Those who obtained land in 1856 were as follows: February 9, Robert Burnap, 1-2; March 3, William A. Nelson, 34-35; March 3, Libeus G. St. John, 35; March 3, James Springsteel, 33-34; April 17, Thomas Drury, 3; June 13, Michael O'Connor, 3; June 18, Orson Thatcher, 2; June 23, Isaac Farnworth, 4; June 23, Nathaniel Ogg, 7; June 23, Peter Zebaugh, 7; July 2, William H. Cutter, 17; July 8, Connor Carroll, 6; July 10, Ole Oleson, 1-2-18; July 23, Johanes Knudson, 18-19; July 28, Joel Califf, 6; July 30, William E. Adams, 35; July 31, Betsy Long, 11; August 4, Tallman Whipple, 7; August 7, James Thorpe, Jr., 7; September 15, Andrew J. Whitney, 8; October 1, Anond Oleson, 19-20; October 2, Olciabiades Whittier, 22-23; October 3, Benjamin F. Brown, 22; November 7, Ole Oleson, 11; November 13, Thaddeus P. Chase, 15; November 14, Joseph Kinney, 25; November 18, Janson Damon, Jr., 34; December 3, Joseph Ogg, 5-6; December 9, Charles Bellingham, 10-11; December 13, Levi C. Howard, 28; December 13, George K. Sabine, 20-29.

Early Events. Emma and Effie Rice, twin daughters of John and Matilda Rice, were born April 18, 1856. Effie died in infancy, Emma married M. N. Bradley. Charlie Vail, son of John Vail, was born on May 31, 1855. The very earliest birth must have been Rose, daughter of L. G. and Annie St. John, in September, 1853. Aaron Ludden and Sarah Nelson were united in marriage in August, 1854, by Elder Bly. In 1855, by the same gentleman, John McQuary and Catharine Nelson were married. George Drury and Catharine Phfremmer were married in July 1858. Samuel R. Thacher and Mehitable D. Page, in January, 1859.

Political. The organization of the town which, while under a territorial form of government was merely a part of a voting precinct, took place May 11, 1858, when the first town meeting was held at the house of J. P. Howe. The town officers elected were: Supervisors, M. C. St. John (chairman) and George Horton; J. J. Jones was subsequently appointed to fill the vacancy; town clerk, Charles Lewis; assessor, Charles Roberts; collector, Daniel Thacher; constable, L. G. St. John; justices of the peace, George Knox and M. C. St. John; overseer of the poor, E. Burnham. The judges at this election were William E. Adams, J. P. Howe and J. J. Jones. The clerks were David Seeley and H. L. Vosburg. The first tax levied was $650.

Postoffices. The first postoffice in town was established in 1855, and was named Alxbridge. Daniel Crowell was postmaster and mail carrier, going to Elliota, twelve miles, once a week. The office was at his house in section 32. In 1857 it went to Granger. Vailville postoffice was established late in the fifties on the southeast quarter of section 15. T. P. Chase was the first to handle the mail key, then Alanson Andrews, who moved the office to his house in section 24. He kept it for about three years when he was superceded by Edwin Teel, who moved the office to his house on the northeast quarter of section 21, and it was called "Bristol Centre." Sometime in the middle of the sixties it was discontinued and the citizens procured their mail matter from the most convenient office for the several parts of the town. In October, 1876, a postoffice for the town was established with Owen it Morris as postmaster, and it was opened at his residence in section 8. Bristol postoffice also flourished for a while, James Berning being the last postmaster. For a while after the office was discontinued the patrons received their mail from Greenleafton, but they are now served by rural route from Preston. Prairie Queen postoffice flourished for a number of years in section 4. E. N. W. Shook was the last postmaster. The patrons now receive their mail by rural route from Preston.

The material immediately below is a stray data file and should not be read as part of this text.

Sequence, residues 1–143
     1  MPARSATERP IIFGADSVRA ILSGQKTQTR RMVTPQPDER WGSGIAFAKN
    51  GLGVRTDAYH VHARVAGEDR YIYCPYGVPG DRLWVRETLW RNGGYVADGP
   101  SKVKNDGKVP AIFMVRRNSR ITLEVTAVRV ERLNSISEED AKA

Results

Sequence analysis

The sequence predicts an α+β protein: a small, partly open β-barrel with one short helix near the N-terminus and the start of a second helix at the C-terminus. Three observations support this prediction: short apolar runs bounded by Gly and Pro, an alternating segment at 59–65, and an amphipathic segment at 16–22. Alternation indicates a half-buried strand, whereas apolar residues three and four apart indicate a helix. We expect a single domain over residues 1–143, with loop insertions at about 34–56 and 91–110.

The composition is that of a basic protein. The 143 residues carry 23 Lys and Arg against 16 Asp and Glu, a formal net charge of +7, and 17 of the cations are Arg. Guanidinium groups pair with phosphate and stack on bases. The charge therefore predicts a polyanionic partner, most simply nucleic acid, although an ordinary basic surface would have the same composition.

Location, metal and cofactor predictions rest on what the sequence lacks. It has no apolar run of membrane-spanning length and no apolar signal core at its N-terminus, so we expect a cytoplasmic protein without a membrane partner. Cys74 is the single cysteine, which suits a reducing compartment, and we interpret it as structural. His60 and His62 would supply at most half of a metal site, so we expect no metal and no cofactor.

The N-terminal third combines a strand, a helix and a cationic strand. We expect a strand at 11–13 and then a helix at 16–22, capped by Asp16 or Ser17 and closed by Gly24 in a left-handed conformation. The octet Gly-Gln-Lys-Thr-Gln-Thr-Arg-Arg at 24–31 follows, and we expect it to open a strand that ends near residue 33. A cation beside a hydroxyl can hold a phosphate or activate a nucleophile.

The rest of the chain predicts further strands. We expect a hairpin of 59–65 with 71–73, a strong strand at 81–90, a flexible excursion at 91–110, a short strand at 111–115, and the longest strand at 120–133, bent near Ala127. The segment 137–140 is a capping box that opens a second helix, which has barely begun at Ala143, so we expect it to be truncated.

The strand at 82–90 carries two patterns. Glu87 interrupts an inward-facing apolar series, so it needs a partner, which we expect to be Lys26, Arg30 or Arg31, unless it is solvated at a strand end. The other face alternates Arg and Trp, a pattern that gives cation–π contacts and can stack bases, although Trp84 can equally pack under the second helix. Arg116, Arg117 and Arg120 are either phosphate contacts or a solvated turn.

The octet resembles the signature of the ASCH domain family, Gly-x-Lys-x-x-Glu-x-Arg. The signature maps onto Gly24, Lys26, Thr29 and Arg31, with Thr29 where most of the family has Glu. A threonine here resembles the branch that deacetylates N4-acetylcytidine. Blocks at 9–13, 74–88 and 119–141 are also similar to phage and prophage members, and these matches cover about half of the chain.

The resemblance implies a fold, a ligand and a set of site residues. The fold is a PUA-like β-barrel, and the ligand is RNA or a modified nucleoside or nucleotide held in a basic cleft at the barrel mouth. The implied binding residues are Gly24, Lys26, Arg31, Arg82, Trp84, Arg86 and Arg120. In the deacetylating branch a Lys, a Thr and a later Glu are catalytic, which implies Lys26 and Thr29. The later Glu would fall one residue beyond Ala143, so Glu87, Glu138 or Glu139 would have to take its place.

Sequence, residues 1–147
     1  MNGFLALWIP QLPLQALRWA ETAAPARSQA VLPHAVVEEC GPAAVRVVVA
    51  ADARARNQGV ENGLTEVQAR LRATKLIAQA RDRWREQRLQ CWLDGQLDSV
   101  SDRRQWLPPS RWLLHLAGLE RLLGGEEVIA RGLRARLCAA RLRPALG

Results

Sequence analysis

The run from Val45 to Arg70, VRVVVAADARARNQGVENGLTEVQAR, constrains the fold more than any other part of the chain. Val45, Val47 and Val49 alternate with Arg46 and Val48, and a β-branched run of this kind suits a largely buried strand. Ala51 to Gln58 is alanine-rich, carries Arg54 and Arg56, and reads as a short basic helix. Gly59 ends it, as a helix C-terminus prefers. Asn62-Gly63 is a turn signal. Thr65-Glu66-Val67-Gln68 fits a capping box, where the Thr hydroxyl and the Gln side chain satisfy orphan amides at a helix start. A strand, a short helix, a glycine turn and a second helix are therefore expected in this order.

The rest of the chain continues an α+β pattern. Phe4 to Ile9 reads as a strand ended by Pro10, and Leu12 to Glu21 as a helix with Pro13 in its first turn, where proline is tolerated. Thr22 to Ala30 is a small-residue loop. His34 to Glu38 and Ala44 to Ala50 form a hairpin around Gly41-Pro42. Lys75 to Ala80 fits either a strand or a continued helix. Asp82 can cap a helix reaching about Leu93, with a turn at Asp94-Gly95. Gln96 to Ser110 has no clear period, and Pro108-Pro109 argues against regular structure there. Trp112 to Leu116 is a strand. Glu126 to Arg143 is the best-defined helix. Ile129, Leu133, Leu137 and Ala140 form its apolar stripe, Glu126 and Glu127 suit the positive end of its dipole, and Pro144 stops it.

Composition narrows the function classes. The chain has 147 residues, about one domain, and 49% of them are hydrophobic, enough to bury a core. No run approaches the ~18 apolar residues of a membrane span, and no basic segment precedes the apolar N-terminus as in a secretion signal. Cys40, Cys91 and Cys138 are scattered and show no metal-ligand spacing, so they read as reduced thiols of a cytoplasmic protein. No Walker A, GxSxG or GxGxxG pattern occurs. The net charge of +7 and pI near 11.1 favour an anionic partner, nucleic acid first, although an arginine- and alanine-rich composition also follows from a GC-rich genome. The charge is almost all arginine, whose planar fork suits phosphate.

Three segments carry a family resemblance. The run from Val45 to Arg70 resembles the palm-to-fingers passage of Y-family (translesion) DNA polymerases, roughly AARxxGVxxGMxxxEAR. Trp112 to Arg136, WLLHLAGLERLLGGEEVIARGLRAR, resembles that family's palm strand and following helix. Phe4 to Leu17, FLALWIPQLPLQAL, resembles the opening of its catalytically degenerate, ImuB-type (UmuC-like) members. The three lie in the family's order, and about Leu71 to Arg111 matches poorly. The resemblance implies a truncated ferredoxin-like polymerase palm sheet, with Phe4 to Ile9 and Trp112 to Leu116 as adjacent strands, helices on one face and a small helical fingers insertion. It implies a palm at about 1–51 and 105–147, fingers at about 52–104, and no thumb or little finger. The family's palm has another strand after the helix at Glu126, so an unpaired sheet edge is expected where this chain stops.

GRANGER VILLAGE.

Granger is a hamlet in the southern part of Bristol township. While not enjoying the benefits of a railroad it is a flourishing trading place, and has the business and professional activities usually found at such points. Florenceville, which is really a part of Granger, is just over the line in Iowa.

Early History. The village of Granger was surveyed in 1857 by Brown L. Granger and C. H. Lewis, both being engineers, and the former a graduate of West Point. They came from Boston and were agents for a firm of capitalists under the name of Burgess & Greenleaf. The plat contained all but eighty acres of section 34, and eighty acres were in section 35. It was divided into 166 lots, 50 by 100 feet, except those made fractional by the Upper Iowa river, that sweeps up into the village. The streets are from 60 to 80 feet wide, and the alleys 12 feet, and the whole village was laid out in accordance with metropolitan ideas. Granger & Lewis opened a store and a postoffice was established. The same firm began the erection of a flourishing flouring mill of stone, but when nearly completed the west end fell out. Discouragement settled on the project and there it stood until 1864, when W. H. Wayman took it in hand, and during the winter got it in operation. The material for the building was taken from a quarry near by. In the fall of 1857 Ed. Slawson opened a hotel and kept it for about four years; then, for a time, there was no public house here, but in 1865 Dr. Lewis Reynolds built the State Line House and sold it to H. Slawson, who, in 1870, transferred it to S. Brightman. Dr. Reynolds was the first resident physician. A distillery was started by Mr. Wyman in 1865 in a building 32x80 feet, but in a few months it was closed by the internal revenue officers. He also started a vinegar factory. In 1859 Hiram Beebe started a blacksmith shop. In a few years he sold to S. Van Loan, who continued it but a short time. In 1864 John Finckh started a blacksmith shop. In 1865 John Hebeg opened a wagon shop. Haskins & Halstad introduced a drug store in 1870, but in a year or two it was closed. In 1872 Dr. D. J. Lathrop opened a drug store.